PolitiFact Sheet: Hillary Clinton’s email controversy
The Justice Department won’t prosecute Hillary Clinton over her handling of emails as secretary of state, but Donald Trump and the Republicans will certainly litigate the issue in the court of public opinion during the Republican National Convention.
"Hillary Clinton is the embodiment of corruption. She's a corrupt person. What she's done with her e-mails, what she's done with so many things," Trump said recently.
He added, "I think it might be her greatest accomplishment, escaping the recent scandal, and her lies, and the loss of 33,000 e-mails. But it wasn't a loss, she discarded (them). That in itself is a major crime. Other people have been paying tremendous prices for what they've done, which is peanuts compared to what happened with Hillary Clinton."
PolitiFact has fact-checked claims about the controversy since last year. Our PolitiFact Sheet will help you separate what’s real from what’s spin.
Clinton exclusively used a private email address while serving as secretary of state from 2009-13.
Instead of using the State Department email system (with an email address ending in @state.gov), Clinton used a personal email address (@clintonemail.com) housed on private servers located in her Chappaqua, N.Y., home.
Because she didn’t use the government system, the department didn’t have her emails on hand when the House Select Committee on Benghazi asked to see them. So in 2014, Clinton’s lawyers combed through the private server and turned over about 30,000 work-related emails to the State Department and deleted the rest, which Clinton said were about personal matters.
Clinton has said she used the email setup for convenience, so she would only have to use one device for email. But there’s some evidence Clinton did it for privacy reasons as well. She said in 2010 that she would be open to a departmental email but added, "I don’t want any risk of the personal being accessible." The FBI found that she used multiple mobile devices throughout her tenure, but it’s unclear if she switched out periodically or used more than one at the same time.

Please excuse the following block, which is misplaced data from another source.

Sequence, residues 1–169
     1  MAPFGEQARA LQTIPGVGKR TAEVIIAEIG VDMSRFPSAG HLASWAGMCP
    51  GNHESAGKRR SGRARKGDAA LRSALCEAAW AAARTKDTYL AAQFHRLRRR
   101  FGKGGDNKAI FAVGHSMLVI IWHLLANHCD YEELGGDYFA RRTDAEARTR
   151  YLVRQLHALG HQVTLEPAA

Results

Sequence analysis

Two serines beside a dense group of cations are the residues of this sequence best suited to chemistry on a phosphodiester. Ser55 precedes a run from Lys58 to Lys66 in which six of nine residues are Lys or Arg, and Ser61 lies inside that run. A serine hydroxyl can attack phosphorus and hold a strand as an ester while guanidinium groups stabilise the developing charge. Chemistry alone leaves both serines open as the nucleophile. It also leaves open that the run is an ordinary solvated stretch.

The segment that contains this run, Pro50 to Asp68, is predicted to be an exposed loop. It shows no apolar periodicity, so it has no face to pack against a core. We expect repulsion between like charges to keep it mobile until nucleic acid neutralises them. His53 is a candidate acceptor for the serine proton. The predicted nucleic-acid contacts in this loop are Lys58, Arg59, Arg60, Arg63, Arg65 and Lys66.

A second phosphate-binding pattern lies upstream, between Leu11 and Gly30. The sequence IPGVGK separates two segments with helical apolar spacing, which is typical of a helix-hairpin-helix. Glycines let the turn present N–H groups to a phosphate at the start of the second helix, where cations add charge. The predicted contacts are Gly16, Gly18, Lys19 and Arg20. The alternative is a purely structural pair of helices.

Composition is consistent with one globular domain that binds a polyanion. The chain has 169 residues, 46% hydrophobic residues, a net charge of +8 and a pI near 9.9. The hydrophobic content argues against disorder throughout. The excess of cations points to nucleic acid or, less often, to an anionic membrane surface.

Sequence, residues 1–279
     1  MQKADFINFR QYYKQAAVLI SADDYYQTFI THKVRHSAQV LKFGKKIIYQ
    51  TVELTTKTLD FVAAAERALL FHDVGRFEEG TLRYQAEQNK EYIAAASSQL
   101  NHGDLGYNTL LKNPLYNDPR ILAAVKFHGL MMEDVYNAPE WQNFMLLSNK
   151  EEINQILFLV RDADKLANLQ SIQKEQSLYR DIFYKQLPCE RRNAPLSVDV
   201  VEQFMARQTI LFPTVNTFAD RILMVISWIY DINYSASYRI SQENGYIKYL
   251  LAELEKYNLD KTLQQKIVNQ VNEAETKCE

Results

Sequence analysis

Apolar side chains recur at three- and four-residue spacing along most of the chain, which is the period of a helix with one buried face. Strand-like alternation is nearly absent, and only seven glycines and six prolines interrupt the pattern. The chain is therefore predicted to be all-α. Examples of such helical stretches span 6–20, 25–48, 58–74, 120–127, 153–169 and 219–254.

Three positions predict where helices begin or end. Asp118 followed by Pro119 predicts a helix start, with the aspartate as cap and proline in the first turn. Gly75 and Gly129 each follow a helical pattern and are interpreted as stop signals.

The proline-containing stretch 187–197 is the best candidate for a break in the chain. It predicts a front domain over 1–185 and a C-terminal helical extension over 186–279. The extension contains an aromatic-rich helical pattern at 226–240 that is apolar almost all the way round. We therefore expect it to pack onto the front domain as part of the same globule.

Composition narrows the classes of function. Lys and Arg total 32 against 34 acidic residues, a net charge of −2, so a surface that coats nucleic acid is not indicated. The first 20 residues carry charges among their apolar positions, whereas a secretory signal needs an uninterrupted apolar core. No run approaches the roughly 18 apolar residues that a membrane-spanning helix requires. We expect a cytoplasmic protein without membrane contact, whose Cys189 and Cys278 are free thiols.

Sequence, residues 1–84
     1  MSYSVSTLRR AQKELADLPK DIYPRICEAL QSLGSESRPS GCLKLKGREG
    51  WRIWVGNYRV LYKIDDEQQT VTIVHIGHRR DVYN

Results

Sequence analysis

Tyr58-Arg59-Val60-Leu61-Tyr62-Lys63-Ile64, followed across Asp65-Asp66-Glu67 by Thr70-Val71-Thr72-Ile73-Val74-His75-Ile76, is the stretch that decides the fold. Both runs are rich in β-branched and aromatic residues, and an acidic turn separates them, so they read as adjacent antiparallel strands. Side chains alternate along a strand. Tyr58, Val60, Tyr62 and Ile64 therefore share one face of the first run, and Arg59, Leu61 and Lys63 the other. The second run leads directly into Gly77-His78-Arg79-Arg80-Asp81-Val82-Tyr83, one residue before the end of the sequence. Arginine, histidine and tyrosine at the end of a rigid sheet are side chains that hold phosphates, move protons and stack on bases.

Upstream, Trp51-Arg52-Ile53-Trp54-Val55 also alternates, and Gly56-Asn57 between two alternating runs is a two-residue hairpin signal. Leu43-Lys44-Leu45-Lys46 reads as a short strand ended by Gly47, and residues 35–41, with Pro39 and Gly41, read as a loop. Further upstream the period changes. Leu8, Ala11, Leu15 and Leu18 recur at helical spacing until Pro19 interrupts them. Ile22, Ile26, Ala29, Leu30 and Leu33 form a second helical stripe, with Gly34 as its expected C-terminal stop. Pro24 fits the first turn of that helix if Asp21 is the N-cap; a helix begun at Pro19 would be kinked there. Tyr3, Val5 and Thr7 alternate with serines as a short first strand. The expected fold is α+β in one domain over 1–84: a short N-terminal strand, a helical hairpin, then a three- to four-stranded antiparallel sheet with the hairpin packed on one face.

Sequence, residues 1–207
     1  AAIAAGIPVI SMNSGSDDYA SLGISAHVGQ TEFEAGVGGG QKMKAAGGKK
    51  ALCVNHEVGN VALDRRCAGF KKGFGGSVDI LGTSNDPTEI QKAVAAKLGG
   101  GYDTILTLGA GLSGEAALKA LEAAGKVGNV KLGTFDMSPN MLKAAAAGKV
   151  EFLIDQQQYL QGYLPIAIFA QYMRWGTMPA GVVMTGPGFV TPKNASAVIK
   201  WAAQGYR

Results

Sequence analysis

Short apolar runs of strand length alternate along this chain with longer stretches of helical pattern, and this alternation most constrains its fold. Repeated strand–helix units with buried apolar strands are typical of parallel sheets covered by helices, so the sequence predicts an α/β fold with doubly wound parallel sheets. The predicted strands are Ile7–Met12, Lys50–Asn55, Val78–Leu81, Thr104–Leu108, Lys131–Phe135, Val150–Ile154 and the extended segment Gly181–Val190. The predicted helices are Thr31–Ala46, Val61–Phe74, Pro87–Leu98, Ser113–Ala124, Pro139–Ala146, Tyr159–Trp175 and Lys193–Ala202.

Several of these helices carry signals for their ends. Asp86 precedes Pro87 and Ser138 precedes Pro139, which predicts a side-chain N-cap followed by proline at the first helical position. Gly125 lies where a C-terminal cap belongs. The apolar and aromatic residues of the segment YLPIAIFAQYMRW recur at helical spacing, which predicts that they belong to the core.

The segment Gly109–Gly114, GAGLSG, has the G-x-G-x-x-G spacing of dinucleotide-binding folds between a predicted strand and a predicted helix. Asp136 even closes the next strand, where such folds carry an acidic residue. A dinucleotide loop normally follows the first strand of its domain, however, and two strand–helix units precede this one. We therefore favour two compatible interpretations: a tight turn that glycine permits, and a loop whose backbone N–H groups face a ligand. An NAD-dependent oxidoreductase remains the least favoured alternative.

Some classified information ended up on her private server, which was an unclassified system, but there was not enough evidence to charge her with a crime.
Clinton had repeatedly said she did not have any classified emails on her server, but the results of the FBI investigation show that claim was incorrect.
Of the tens of thousands of emails investigators reviewed, 113 contained classified information, and three of those had classification markers. FBI Director James Comey has said Clinton should have known that some of the 113 were classified, but others she might have understandably missed.
Comey said the Justice Department shouldn’t prosecute Clinton because there isn’t enough evidence that she intentionally mishandled classified information. FBI investigators didn’t find vast quantities of exposed classified material, and they also did not turn up evidence that Clinton intended to be disloyal to the United States or that she intended to obstruct justice.
However, he called Clinton’s email setup "extremely careless."
Clinton frequently dealt with sensitive and classified information as secretary of state, and the amount that the FBI found in her email server is miniscule in comparison. It appears that she generally dealt with classified information in an appropriate way.